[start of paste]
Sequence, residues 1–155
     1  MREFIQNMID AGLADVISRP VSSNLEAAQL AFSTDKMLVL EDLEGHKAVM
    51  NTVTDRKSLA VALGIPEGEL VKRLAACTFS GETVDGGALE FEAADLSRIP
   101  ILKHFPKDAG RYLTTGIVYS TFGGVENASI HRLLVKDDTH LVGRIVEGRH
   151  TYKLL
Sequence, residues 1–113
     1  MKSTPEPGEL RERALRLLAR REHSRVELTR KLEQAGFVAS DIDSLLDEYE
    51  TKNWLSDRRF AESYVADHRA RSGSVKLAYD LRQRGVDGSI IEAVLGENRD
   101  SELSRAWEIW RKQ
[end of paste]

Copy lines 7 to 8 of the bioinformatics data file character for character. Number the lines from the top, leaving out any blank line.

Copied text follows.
     1  MKSTPEPGEL RERALRLLAR REHSRVELTR KLEQAGFVAS DIDSLLDEYE
    51  TKNWLSDRRF AESYVADHRA RSGSVKLAYD LRQRGVDGSI IEAVLGENRD